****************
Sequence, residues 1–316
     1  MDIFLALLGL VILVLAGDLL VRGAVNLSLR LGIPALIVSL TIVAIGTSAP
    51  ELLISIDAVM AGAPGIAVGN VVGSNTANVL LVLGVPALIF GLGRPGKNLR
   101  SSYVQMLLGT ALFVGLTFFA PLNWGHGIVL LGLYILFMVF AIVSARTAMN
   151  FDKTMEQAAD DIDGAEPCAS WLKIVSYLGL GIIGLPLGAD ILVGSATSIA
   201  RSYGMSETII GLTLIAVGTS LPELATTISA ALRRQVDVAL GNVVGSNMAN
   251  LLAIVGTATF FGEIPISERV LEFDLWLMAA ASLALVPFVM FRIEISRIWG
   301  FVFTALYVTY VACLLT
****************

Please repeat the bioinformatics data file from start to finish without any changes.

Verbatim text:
Sequence, residues 1–316
     1  MDIFLALLGL VILVLAGDLL VRGAVNLSLR LGIPALIVSL TIVAIGTSAP
    51  ELLISIDAVM AGAPGIAVGN VVGSNTANVL LVLGVPALIF GLGRPGKNLR
   101  SSYVQMLLGT ALFVGLTFFA PLNWGHGIVL LGLYILFMVF AIVSARTAMN
   151  FDKTMEQAAD DIDGAEPCAS WLKIVSYLGL GIIGLPLGAD ILVGSATSIA
   201  RSYGMSETII GLTLIAVGTS LPELATTISA ALRRQVDVAL GNVVGSNMAN
   251  LLAIVGTATF FGEIPISERV LEFDLWLMAA ASLALVPFVM FRIEISRIWG
   301  FVFTALYVTY VACLLT